Once deployed, the remote sensor pod is then capable of extending telescopic RF antenna means and deriving electrical power for the entire system from the sensor pod Ram Air Turbine (RAT) 7.

This initial DLAR and sensor pod deployment motion sequence is then followed by the direct lateral movement of the integrated door assembly 4.0 to fill the vacant space left when the original aircraft door was removed, opened or retracted. The integrated door assembly is mounted on an integrated door pallet 42 which serves as a mounting platform for the system and also forms the base of the container which is used to house the assembly when not in use.

The integrated door Frame 43 is fastened to the door sensor pod and DLAR radome robotic armature No. 1 51 and door sensor pod and DLAR radome robotic armature No. 2 52 and is extended in automated sequence and locked in place after the DLAR assembly or the sensor pod assembly(s) is deployed and locked into position. The door frame remains generally inside of, but forms generally a flush surface with the external periphery of the aircraft fuselage but incorporates an integrated door frame primary observation bubble 44 which projects approximately 12 inches into the airstream to provide an extended observers view of the area surrounding the aircraft platform. The observer is seated upon an aircraft certified integrated door observer seat assembly 46 with adjustable leg and arm rests, and further incorporates various ergonomic features, as well as environmental heat and air conditioning controls, to provide an appropriate and comfortable aircraft based manned observation environment.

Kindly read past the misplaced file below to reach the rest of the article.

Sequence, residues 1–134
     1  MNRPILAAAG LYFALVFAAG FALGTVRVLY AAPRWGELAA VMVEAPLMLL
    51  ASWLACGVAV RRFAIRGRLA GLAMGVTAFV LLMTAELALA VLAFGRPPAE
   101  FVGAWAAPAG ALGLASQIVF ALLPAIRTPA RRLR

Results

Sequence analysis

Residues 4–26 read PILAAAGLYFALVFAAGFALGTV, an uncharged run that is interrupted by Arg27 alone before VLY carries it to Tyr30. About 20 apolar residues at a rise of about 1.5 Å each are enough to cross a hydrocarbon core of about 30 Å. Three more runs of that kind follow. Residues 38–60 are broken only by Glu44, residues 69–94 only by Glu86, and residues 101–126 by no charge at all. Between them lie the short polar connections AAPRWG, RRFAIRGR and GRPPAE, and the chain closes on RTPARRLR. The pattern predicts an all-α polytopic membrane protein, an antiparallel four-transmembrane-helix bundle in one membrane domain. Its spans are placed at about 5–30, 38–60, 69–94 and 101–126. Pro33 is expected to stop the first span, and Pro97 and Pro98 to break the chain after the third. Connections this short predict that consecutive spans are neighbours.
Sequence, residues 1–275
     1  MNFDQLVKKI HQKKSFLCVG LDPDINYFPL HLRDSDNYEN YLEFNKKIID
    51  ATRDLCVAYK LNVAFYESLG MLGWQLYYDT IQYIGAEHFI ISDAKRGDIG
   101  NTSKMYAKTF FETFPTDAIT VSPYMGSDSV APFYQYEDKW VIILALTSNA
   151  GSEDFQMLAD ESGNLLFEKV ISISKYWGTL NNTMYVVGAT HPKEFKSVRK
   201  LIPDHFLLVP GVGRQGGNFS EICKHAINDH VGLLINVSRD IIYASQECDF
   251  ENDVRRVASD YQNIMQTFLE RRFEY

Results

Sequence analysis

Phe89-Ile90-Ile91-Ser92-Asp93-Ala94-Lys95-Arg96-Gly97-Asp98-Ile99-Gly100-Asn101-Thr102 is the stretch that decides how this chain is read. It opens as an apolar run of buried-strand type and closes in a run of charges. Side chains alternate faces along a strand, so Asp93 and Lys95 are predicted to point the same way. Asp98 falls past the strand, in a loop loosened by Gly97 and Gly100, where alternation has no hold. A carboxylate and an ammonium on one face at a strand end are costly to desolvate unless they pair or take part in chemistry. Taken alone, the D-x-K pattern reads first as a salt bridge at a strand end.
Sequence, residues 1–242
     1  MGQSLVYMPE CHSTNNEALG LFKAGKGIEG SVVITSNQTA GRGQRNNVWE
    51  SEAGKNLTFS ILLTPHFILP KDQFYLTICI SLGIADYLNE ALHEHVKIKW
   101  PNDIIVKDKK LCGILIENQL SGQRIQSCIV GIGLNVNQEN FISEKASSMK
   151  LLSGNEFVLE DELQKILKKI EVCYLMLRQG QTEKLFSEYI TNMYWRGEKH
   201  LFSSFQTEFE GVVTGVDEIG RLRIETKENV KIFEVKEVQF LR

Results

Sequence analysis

The observer controls are positioned around the seat assembly and are further incorporated into an integrated door observer seat operator control console 47 which provides a direct operator interface to the C4I assembly means 7.0, providing the system operator with simultaneous viewing of the outside environment while manipulating sensor, autonomous vehicles, communications and other system controls. The seat assembly also provides the operator with the ability to launch a single type "A", "B", or "C" size sensor package through an integrated door Sonotube primary launch assembly means 48 located on the downwind side of the observer seat. The operator may also elect to launch other packages through the Sonotube launch assembly including smoke markers, and illumination flares.